Question:

One of my employees is having some serious problems with her ex-boyfriend. I know that he has threatened her, and that she is afraid of him. I don’t know if he might do something dangerous, but I am concerned for my employee. Is there anything that I can do to help her? What if her ex-boyfriend comes to our place of business and puts other employees in danger? This is a very upsetting situation for everyone involved.

Answer:

You are right that this is a very disturbing situation for your employee, and potentially for everyone in your work environment. You can take action on behalf of your employee and her coworkers if you feel the situation is serious. As of September 2006, the law in California provides that any employer whose employee has suffered unlawful violence, or a credible threat of violence that can reasonably be expected to be carried out in the workplace, can now seek a temporary restraining order (“TRO”) and an injunction on behalf of the employee and on behalf of any number of other employees at the same workplace.

The foregoing actually represents a change in the law, which was brought about last year by California Assembly Bill 2695. That bill provides that employers may not only seek orders that protect multiple employees, but that it may also seek orders protecting multiple worksites. California Code of Civil Procedure section 527.8 already allowed employers to seek a temporary restraining order on behalf of an employee who was threatened with violence in the workplace. Assembly Bill 2695 has now extended the scope of an employer’s rights in seeking injunctive relief against an individual threatening violence by permitting employers the additional right of obtaining a temporary restraining order on behalf of employees other than the one being directly threatened. This new law is intended to address situations where the employee who is directly threatened does not wish to pursue a restraining order on their own behalf, but where the employer feels there is a credible threat of violence against the employee and other employees in the workplace.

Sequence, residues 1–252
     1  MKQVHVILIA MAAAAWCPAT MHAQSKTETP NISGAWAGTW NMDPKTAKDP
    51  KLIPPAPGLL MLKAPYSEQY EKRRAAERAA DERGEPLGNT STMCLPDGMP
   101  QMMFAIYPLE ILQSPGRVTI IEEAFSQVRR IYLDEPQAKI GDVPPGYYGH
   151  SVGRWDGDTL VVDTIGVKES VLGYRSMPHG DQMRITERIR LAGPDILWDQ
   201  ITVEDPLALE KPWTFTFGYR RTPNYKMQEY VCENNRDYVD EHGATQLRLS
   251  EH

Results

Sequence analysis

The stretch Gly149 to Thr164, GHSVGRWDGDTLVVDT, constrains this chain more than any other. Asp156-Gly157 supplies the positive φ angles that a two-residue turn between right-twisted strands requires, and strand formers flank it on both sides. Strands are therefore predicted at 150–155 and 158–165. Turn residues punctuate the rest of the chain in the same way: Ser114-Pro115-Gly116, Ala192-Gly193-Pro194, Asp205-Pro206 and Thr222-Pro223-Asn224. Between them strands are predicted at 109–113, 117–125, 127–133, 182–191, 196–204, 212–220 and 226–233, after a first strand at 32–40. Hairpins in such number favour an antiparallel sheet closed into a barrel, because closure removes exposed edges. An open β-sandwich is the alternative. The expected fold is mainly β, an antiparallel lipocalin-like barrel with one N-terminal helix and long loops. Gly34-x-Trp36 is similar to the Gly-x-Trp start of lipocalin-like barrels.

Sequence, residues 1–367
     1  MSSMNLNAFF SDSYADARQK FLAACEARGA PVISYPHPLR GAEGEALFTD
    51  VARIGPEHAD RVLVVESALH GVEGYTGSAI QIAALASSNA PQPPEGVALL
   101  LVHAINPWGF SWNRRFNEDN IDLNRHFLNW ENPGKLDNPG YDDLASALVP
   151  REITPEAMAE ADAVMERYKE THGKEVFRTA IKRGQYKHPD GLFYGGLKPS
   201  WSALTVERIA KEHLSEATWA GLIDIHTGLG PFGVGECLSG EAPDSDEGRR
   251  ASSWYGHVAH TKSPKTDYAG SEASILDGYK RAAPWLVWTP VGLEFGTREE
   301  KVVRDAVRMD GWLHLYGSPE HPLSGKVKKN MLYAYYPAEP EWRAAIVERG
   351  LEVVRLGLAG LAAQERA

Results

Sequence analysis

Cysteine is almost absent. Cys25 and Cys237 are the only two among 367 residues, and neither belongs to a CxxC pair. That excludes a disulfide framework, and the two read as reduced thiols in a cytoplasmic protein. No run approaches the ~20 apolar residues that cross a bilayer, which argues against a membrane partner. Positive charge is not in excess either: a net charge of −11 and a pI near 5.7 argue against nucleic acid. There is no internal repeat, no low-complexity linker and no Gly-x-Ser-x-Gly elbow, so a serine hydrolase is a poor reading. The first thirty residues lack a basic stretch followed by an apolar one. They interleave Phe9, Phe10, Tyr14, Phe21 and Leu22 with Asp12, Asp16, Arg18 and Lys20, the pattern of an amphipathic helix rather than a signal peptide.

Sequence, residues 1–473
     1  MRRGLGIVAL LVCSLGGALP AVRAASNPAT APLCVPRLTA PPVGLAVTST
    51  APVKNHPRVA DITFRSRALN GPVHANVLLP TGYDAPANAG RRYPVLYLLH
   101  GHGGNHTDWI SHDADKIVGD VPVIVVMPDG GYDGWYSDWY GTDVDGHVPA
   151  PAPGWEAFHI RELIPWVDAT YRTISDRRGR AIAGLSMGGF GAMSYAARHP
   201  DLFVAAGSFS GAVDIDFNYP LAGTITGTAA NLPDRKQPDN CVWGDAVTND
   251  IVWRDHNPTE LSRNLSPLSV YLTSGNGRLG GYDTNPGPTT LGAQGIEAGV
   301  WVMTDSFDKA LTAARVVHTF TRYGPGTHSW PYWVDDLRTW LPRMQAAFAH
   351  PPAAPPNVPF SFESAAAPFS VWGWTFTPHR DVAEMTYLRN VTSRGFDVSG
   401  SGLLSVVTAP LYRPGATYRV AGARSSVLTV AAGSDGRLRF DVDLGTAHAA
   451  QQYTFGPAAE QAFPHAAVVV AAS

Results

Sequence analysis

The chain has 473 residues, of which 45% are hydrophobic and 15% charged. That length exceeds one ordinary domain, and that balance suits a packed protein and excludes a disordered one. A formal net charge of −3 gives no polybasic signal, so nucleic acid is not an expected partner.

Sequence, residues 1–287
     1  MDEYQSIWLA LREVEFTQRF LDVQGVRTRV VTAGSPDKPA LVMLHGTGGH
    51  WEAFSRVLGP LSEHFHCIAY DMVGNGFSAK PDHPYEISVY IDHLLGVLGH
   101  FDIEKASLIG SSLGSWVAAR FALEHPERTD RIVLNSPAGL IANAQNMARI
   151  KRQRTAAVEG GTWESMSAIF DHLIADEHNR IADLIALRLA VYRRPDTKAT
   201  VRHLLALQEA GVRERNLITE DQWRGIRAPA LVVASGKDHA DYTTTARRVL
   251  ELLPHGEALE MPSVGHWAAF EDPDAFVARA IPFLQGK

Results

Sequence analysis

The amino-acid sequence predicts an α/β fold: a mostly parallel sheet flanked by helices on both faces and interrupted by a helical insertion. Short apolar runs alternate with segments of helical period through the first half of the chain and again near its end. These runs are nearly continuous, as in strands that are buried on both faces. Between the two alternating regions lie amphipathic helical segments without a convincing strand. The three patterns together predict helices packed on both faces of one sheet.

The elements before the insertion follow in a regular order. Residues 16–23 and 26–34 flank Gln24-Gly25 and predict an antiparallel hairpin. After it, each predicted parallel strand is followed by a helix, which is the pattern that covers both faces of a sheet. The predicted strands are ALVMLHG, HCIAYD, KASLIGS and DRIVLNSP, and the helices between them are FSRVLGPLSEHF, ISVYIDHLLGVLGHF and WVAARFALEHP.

As mentioned above, the law regarding protective orders applies when an employee or employees experience unlawful violence or a credible threat of violence in the workplace. A “credible threat of violence” is typically defined as a knowing and willful statement or course of conduct which would cause a reasonable person to believe that he or she is under threat of death or serious bodily injury, and which is intended to (and does) cause a person to actually believe that he or she is under such a threat. “Unlawful violence” is deemed to be conduct such as assault, battery, and/or stalking.

It does not sound like your employee has directly suffered any unlawful violence at this point in time, though you did indicate that she has been threatened. If you believe that your employee has thus been subjected to a credible threat of violence that could be carried out in your workplace, you can begin the process of obtaining a TRO on her behalf. Your first step would be to file a “ Petition of Employer for Injunction Prohibiting Violence or Threats of Violence Against Employee” with the court, setting forth the reasons that you are seeking a TRO, and explaining the circumstances that would justify the issuance of such an order by the court. The necessary forms, and instructions on how to use them, are available at the following website: http://www.courtinfo.ca.gov/

Assuming that your TRO is granted, the court clerk will schedule a hearing before a judge where you can present your case for why a permanent injunction against your employee’s former boyfriend is necessary. If the judge agrees with you, he or she will issue an order specifying what behavior is unacceptable, based on the relief sought in your petition (e.g., a stay-away order, an ordering precluding any contact with your employee, etc.). This type of injunctive relief can last for up to three years, and can be extended at the conclusion of that time period if need be.

Lastly, because this is a potentially serious situation, you may wish to consult with an attorney in order to ensure that any protective relief you obtain for your employees is as comprehensive and effective as possible.
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